Regulatory Developments

EPA Announces Research Strategy to Study Nanomaterials

October 2, 2009 PRINT

On September 30, 2009, the U.S. Environmental Protection Agency (EPA) announced the availability of the Nanomaterial Research Strategy (Strategy), which EPA describes as its new research strategy to understand better how manufactured nanomaterials may harm human health and the environment. The Strategy outlines what research EPA intends to support over the next several years to generate information about the safe use of nanotechnology and products that contain nanoscale materials. The Strategy also includes research into ways nanotechnology can be used to clean up toxic chemicals in the environment. In its announcement, EPA states that its role among federal agencies “is to determine the potential hazards of nanotechnology and develop approaches to reduce or minimize any risks identified. As part of the strategy, researchers are investigating widely used nanomaterials, such as carbon nanotubes, which are used in vehicles, sports equipment and electronics; and titanium dioxide, which is used in paints, cosmetics and sunscreens.” The Strategy is available on the Internet at http://www.epa.gov/nanoscience/files/nanotech_research_strategy_final.pdf. According to the Strategy, the purpose of EPA’s Nanomaterial Research Program is to conduct focused research to inform nanomaterial safety decisions that EPA may make under the various environmental statutes for which it is responsible. EPA states that it recognizes that the information generated is also likely to have use in areas beyond its purview. EPA’s in-house research program will leverage results from EPA grant programs, as well as collaborate with grantees to address the many research issues outlined in the Strategy. The Strategy focuses on four areas that, according to EPA, take advantage of its scientific expertise, as well as fill gaps not addressed by other organizations:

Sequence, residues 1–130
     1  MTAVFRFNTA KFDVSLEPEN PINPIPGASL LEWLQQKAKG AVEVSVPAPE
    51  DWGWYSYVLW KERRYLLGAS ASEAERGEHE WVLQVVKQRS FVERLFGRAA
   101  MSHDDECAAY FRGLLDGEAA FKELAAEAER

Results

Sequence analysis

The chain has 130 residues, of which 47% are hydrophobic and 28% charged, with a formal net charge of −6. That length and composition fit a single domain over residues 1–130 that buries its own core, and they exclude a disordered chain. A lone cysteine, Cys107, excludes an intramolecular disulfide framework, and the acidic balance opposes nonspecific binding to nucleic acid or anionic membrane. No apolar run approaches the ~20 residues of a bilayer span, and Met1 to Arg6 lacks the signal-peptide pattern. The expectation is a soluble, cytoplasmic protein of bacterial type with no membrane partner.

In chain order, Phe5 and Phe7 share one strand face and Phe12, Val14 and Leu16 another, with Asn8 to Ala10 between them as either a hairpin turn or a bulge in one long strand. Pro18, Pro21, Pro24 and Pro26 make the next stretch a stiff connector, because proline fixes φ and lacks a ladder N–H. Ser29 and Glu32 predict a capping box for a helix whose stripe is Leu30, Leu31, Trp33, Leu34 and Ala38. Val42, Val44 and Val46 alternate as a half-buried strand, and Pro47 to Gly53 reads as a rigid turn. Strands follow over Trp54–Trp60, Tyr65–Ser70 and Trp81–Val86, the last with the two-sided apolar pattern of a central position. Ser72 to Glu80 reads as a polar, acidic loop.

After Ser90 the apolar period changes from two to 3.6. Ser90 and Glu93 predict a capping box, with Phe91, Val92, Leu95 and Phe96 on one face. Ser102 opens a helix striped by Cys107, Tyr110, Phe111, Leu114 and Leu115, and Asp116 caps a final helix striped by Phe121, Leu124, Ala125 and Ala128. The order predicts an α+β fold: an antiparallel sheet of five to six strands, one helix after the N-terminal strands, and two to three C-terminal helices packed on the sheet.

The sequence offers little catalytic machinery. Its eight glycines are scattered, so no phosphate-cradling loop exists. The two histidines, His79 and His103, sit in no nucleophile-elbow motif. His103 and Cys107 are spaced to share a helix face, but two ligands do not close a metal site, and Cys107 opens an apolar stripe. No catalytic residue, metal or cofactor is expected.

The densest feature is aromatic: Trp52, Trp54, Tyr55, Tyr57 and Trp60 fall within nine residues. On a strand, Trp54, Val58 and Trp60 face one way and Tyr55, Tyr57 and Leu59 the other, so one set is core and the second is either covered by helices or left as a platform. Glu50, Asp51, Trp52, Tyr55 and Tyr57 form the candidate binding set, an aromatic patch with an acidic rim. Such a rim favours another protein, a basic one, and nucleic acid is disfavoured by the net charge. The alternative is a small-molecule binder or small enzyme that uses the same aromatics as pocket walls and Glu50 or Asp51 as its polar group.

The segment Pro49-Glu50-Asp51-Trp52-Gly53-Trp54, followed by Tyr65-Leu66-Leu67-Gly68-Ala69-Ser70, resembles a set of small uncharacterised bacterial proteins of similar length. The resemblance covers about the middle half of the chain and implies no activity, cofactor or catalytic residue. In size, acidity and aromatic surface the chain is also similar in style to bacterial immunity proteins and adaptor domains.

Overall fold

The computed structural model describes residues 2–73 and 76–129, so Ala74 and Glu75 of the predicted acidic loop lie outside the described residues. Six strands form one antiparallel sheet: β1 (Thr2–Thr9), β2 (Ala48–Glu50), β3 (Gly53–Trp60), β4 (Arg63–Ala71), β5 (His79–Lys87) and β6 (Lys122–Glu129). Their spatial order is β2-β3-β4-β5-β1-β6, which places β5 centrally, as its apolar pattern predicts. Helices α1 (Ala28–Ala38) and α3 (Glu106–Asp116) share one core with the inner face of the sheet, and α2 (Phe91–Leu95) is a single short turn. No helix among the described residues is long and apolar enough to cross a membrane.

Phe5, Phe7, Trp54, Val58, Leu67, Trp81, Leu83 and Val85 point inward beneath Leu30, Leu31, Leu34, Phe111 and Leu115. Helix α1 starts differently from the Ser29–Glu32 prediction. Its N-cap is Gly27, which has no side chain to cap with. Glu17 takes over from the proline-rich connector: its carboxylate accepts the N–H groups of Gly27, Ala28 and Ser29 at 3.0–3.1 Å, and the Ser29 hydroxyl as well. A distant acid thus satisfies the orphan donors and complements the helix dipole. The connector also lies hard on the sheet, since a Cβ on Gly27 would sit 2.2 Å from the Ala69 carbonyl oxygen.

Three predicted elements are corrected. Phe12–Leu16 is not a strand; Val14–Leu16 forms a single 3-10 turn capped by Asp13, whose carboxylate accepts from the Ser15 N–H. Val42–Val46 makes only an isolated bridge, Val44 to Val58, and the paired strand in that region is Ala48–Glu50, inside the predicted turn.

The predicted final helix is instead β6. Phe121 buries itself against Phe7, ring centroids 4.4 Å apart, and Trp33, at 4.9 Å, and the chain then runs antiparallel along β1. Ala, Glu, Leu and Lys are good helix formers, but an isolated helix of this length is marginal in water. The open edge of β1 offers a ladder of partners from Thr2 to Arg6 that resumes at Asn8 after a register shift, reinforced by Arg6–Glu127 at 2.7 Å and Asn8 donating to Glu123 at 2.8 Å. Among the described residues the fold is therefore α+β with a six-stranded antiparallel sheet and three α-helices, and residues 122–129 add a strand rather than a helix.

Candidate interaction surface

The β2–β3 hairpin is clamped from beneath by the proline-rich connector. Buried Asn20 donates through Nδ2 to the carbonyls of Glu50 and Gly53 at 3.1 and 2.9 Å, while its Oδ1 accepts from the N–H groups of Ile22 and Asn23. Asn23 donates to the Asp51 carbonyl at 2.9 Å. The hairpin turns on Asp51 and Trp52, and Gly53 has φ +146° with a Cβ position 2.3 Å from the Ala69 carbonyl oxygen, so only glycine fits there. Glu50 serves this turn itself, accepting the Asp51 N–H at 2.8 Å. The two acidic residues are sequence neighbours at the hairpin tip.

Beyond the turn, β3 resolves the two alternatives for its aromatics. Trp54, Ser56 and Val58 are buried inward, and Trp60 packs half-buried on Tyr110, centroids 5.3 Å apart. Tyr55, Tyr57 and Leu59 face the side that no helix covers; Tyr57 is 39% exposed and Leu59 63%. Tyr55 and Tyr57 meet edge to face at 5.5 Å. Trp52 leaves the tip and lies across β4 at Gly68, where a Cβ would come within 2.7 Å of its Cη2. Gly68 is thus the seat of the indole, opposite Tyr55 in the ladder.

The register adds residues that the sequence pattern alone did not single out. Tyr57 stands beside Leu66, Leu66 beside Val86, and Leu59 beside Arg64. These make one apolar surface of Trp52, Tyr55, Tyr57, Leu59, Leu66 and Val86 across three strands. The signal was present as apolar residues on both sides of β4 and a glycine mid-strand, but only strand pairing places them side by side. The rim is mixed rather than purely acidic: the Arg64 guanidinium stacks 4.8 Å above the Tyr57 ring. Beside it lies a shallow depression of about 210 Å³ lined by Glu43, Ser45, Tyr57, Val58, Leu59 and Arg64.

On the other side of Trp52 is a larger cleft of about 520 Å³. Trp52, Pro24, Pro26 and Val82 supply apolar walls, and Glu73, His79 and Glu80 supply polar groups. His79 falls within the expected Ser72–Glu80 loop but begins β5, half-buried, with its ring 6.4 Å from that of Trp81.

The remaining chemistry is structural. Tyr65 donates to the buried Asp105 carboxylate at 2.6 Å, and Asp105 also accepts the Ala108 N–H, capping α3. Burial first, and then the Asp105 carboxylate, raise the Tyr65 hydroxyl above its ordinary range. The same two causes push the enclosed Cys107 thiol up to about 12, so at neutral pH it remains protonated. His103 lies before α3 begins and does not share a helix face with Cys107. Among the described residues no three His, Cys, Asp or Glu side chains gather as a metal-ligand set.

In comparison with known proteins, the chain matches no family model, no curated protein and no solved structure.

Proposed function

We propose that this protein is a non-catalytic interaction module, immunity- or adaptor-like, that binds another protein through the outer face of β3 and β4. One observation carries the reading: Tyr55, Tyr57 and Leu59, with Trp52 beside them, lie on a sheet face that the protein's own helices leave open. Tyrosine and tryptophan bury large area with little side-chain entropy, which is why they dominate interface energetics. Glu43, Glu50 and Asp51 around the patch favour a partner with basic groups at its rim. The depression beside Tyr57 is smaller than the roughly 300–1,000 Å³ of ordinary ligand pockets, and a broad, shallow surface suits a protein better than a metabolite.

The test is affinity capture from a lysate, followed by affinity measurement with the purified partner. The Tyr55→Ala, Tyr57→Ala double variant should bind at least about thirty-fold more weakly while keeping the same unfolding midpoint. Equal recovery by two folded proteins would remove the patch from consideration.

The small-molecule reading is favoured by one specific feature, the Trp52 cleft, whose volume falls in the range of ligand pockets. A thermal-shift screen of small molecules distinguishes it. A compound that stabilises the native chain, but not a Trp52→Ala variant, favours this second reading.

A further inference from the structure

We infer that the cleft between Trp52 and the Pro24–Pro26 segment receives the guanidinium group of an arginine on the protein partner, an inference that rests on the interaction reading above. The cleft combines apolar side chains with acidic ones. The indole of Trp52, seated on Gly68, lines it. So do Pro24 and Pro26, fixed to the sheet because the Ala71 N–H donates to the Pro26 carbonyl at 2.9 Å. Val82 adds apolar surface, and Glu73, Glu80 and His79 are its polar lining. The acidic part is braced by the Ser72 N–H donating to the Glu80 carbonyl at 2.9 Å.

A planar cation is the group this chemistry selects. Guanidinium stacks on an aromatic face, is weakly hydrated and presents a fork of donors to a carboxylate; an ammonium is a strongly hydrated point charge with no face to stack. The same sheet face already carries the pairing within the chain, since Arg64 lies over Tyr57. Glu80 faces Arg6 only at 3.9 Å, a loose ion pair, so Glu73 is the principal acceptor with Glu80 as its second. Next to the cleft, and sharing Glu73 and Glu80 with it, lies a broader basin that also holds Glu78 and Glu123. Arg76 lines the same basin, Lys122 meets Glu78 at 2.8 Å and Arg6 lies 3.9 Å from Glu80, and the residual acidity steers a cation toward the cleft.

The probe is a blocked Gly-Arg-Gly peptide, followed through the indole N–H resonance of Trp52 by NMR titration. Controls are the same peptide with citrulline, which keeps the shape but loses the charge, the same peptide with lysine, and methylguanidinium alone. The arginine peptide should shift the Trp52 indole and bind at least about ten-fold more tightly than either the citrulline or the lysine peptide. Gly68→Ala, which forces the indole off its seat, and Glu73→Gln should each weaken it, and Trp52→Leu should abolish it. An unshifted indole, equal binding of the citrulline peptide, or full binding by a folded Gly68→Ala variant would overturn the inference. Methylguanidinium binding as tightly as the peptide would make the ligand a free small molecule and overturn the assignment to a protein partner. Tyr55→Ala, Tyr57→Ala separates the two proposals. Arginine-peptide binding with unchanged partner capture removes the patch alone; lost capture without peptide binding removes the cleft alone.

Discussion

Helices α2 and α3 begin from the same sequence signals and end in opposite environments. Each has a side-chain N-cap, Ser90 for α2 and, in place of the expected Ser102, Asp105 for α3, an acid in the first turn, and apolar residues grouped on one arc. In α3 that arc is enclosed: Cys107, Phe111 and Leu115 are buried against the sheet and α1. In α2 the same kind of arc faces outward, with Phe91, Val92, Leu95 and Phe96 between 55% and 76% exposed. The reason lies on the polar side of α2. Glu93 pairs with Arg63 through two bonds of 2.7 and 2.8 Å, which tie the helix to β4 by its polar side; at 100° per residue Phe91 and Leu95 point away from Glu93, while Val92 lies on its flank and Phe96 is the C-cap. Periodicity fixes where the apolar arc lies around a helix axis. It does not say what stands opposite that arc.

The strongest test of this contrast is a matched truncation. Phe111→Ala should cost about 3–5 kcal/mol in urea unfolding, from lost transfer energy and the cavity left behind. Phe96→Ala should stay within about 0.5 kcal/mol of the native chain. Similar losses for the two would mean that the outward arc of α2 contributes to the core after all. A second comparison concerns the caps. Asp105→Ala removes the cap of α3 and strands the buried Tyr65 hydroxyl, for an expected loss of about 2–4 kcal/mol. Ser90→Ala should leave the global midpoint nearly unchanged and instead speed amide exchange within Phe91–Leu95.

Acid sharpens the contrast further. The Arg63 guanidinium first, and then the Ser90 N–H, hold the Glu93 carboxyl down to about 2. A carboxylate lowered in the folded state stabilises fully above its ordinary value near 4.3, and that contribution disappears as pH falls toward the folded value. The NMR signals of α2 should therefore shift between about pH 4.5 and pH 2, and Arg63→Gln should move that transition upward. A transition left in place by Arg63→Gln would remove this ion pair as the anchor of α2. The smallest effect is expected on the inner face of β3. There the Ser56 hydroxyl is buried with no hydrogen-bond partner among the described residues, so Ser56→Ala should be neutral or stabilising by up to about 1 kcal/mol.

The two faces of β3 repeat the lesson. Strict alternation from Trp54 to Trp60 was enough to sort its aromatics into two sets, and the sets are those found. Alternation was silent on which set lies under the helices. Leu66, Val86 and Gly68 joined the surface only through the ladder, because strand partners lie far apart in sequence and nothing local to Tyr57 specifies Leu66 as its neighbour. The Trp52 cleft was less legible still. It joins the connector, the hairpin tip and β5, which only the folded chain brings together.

1. Identifying sources, fate, transport, and exposure;
  2. Understanding human health and ecological effects to inform risk assessments and test methods;
  3. Developing risk assessment approaches; and
  4. Preventing and mitigating risks.
EPA states that its Nanomaterial Research Program is intended to provide information to support nanomaterial safety decisions. The Strategy describes eight “key” science questions, which EPA intends to help decision makers answer the following questions:
  • What nanomaterials, in what forms, are most likely to result in environmental exposure?
  • What particular nanomaterial properties may raise toxicity concerns?
  • Are nanomaterials with these properties likely to be present in environmental media or biological systems at concentrations of concern, and what does this mean for risk?
  • If we think that the answer to the previous question is “yes,” can we change properties or mitigate exposure?
According to EPA, providing information to answer these questions “will serve the public by enabling decisions that minimize potential averse environmental impacts, and thereby maximize the net societal benefit from the development and use of manufactured nanomaterials.”

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